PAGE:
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How life balance affects training

Updated: Jan 17

Trisutto Brett Sutton Triathlon Coaching Life Balance

One of the predicaments with our sport being such a time consuming hobby is in how we ‘fit in’ those other aspects of life – school, family, friends and work – that make us who we are.

Since starting our age group coaching it has been one of those pleasant synergies we come across, as balance, and getting it right, is crucial to all levels of performance. Yet over the last six months I’ve heard many of our ‘agers’ express their envy of our pros who have the freedom to just train and do nothing else. While it no doubt helps, it may not always be the performance advantage you think it is.

I have documented previously how Nicola Spirig going back to university after the Beijing Olympics was crucial in her subsequent success in chasing London gold. Bob Babbitt also raised the issue with the resurgent Daniela Ryf earlier in the season. Dani followed Nicola’s lead in returning to school and it’s helped her enormously in getting back to her best.

When dealing with people with high achieving mentalities, a sole focus on physical training with no mental stimuli can be anything but helpful. Inquisitive minds don’t sit idle, they turn their attention to thinking about every aspect of their sport. Often to an unhelpful degree.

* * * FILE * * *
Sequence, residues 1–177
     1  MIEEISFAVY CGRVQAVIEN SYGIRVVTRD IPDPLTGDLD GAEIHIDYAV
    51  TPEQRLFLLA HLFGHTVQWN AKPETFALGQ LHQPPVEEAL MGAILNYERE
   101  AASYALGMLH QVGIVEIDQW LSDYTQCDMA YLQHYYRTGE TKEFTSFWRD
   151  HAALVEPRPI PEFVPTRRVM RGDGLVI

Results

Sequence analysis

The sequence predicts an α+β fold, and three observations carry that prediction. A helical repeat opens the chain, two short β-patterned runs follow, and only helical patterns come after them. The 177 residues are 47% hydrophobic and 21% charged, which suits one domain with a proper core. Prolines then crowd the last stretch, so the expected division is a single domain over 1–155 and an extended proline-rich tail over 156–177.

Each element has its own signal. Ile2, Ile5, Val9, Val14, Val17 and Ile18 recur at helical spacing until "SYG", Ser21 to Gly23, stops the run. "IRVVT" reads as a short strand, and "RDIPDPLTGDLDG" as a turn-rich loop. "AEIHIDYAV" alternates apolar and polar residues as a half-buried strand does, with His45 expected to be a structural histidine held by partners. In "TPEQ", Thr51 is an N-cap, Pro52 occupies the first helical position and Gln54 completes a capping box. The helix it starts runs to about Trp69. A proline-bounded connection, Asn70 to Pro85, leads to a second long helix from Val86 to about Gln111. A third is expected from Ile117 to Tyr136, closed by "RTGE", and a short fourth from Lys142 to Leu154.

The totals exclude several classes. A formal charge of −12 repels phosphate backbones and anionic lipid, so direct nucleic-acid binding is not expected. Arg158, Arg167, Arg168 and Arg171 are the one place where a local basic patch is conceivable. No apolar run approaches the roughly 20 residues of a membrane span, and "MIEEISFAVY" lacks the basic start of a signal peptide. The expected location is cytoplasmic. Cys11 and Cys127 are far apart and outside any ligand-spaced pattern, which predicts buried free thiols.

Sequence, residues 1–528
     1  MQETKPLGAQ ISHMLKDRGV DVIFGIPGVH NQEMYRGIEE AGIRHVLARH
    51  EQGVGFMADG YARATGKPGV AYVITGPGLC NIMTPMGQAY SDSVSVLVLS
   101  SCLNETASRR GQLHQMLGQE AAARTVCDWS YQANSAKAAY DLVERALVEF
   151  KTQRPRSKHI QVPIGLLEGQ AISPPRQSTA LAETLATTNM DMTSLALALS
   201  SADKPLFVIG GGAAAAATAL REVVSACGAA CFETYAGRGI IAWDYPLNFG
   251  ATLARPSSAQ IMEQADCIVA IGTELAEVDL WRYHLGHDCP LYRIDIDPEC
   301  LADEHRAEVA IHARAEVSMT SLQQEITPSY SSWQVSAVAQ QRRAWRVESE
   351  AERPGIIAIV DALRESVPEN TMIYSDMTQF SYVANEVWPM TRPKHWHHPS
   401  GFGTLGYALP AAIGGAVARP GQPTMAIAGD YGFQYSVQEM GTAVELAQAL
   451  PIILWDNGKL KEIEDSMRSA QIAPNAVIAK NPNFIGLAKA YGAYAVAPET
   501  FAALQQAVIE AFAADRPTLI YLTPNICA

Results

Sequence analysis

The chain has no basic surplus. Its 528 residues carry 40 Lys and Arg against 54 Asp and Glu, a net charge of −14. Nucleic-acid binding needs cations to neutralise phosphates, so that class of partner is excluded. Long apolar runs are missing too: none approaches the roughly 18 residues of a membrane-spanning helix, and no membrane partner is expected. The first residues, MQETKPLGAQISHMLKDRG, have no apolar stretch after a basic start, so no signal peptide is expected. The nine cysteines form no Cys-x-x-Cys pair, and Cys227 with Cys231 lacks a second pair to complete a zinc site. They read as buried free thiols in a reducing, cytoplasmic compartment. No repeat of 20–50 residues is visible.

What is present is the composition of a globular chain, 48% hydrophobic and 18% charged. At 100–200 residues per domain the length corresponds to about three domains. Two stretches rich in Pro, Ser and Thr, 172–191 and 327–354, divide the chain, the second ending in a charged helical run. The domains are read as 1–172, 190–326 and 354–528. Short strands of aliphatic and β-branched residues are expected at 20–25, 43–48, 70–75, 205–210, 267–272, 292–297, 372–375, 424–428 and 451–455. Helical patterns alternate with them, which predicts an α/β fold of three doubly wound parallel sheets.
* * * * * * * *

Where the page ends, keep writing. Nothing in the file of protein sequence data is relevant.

Chrissie Wellington’s recent article on relaxation and rest made me smile as it showed great maturity embracing a performance concept that went totally against her natural disposition. Indeed, Chrissie is a great example of someone who thrived when able to dedicate her considerable intellect away from triathlon for a portion of the day. During her early TeamTBB days, she would get infuriated at the mixture of Singaporean English and my own horrible spelling on the team’s website and went to work fixing it. As we were to find out, Chrissie does nothing in halves and ended up rewriting large parts of the entire thing.

That she emerged on the scene and consolidated herself as a potential great during this time is not entirely coincidence.

A small time later another developing pro with a similarly tenacious attitude joined our squad. The Honey Badger (Mary Beth Ellis) would drive herself so hard in training and out that she was an obvious candidate for part-time work, going on to do a fabulous job taking charge of our internet content and postings. At the same time she went on a tearaway winning streak eventually racking up 8 Ironman victories.

Now of course there are other factors to consider in each individual’s improvement, but the point I’d make is that four of the best female athletes I’ve ever seen all made significant gains after taking on external work or study, and spending a minimum of 4 hours a day doing something other than triathlon.

So while most age-groupers all work significantly longer than 4 hours a day, day-dreaming about the massively improved times you’d make on the ‘no work’ alternative isn’t always totally constructive or accurate. Your profession and having a balanced work and family life may be enhancing your racing more than you think.

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